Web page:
Pemex debt: How has it evolved?

Regarding Pemex’s debt and its management, at the end of 2019 the company had liquidity management credit lines for up to $ 7.45 billion dollars and $ 37 billion pesos, of which $ 670 million dollars and $ 21 billion pesos were ready.

The evolution of Pemex’s debt, whose maximum annual net debt amount is authorized by the Mexican Congress, is as follows:

According to an official report on Pemex debt management, these results are consistent with the Business Plan of Petróleos Mexicanos and its Subsidiary Productive Companies 2019-2023, where one of the purposes is to stop the growth of debt and stabilize it, reducing the debt by 98.8 billion pesos despite having authorization from the Congress of the Union to obtain a net debt of up to 112.8 billion pesos.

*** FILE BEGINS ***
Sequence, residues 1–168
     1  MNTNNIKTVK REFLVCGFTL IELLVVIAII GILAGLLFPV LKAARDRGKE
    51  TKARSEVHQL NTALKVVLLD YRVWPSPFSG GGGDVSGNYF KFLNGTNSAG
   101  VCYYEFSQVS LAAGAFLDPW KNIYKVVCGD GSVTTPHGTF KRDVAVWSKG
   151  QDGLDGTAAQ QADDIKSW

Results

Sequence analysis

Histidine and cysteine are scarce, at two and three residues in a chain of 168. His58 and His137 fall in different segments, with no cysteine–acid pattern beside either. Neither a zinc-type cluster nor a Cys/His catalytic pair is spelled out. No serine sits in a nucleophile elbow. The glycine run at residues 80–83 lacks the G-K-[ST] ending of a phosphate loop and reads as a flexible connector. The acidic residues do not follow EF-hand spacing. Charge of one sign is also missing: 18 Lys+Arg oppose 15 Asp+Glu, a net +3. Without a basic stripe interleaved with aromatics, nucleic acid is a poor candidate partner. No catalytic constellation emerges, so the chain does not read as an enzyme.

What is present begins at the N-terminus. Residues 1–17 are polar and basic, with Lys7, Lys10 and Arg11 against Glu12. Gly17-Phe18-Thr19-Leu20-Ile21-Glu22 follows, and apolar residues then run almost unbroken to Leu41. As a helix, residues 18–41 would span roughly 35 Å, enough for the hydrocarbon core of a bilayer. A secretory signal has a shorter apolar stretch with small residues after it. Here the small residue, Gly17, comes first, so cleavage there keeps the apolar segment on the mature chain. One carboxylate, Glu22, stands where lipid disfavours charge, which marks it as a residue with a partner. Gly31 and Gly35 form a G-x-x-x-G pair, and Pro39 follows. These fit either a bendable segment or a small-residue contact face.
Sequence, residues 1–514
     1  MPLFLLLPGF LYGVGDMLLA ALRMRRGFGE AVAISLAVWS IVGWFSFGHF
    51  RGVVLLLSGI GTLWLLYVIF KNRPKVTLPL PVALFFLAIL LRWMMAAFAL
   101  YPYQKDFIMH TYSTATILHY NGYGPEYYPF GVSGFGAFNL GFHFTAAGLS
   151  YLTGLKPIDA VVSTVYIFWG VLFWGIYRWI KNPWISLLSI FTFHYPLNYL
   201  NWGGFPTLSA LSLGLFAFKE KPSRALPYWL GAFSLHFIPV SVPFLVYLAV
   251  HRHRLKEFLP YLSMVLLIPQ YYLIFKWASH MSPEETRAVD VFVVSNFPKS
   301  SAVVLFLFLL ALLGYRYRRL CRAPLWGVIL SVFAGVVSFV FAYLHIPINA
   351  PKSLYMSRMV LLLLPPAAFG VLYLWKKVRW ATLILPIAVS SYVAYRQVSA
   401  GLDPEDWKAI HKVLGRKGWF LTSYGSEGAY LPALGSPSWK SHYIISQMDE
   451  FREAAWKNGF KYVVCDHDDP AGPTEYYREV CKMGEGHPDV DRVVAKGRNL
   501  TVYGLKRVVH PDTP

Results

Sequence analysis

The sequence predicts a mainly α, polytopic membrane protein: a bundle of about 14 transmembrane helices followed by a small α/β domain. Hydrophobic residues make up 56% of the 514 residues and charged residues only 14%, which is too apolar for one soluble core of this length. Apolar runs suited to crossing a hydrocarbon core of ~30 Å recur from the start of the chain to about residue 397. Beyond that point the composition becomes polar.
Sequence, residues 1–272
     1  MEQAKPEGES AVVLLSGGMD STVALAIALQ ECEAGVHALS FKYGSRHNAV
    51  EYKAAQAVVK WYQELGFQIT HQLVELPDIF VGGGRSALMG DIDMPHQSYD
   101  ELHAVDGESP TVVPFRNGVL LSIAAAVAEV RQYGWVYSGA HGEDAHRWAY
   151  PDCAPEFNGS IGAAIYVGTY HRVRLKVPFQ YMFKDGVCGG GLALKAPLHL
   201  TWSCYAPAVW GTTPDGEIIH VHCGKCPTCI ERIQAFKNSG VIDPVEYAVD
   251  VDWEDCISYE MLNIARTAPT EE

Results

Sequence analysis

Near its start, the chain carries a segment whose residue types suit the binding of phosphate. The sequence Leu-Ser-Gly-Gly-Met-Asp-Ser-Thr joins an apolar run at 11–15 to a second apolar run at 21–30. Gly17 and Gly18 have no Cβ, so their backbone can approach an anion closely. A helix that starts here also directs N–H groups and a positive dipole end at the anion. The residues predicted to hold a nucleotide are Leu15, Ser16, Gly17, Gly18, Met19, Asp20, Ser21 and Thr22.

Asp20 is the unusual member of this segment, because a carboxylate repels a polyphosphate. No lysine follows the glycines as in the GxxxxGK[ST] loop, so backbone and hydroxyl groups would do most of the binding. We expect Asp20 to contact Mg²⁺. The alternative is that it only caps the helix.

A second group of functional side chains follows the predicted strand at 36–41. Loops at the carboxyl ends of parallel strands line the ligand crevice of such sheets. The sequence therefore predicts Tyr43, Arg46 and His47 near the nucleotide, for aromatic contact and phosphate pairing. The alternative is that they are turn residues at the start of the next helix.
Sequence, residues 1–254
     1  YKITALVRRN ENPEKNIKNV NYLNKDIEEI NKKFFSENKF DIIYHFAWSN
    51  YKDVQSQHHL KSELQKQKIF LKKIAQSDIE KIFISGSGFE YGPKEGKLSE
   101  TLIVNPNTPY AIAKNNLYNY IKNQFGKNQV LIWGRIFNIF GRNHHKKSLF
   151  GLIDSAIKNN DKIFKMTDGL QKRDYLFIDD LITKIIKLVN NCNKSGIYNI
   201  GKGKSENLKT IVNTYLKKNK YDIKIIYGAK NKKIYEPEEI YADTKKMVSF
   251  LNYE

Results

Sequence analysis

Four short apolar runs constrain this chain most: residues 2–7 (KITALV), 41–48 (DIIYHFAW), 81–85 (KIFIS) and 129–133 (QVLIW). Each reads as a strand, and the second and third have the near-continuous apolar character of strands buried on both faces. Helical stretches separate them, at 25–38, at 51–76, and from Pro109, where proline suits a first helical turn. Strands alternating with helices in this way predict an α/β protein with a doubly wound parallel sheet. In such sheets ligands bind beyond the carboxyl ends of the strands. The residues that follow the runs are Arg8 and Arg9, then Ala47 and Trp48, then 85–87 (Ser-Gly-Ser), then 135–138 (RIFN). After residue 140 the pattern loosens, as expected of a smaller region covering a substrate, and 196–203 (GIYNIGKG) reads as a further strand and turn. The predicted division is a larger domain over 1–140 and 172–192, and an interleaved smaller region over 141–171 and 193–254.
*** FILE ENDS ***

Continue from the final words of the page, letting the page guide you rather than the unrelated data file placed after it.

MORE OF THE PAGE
Pemex’s debt (total financial) decreased 4.8% compared to the end of 2018, mainly due to the net indebtedness exercised by 28.7 billion pesos, and an appreciation in the exchange rate of the peso against the US dollar.

Pemex debt

The company prioritizes dollar debt issues; However, this is not always possible, therefore, the debt issued in international currencies or is covered through derivative financial instruments (IFD), either with swaps to convert said debt to dollars or through other IFDs, in order to mitigate exposure to exchange rate risk.

The rest of the debt is denominated in pesos or in Investment Units (UDis). In the case of UDis-denominated debt, it has been converted to pesos through IFD in order to eliminate exposure to inflationary risk.

As a consequence of the foregoing, all debt issued in international currencies other than the dollar has currency risk mitigation strategies. Pemex has selected strategies that additionally reduce the cost of funding, maintaining, in some cases, part of this risk discovered when it is deemed appropriate.

However, given that the company has a greater amount of income referenced to the dollar than that of its expenses, the debt of Pemex issued in pesos and UDis presents an exposure to exchange rate risk arising from fluctuations in the peso against the dollar.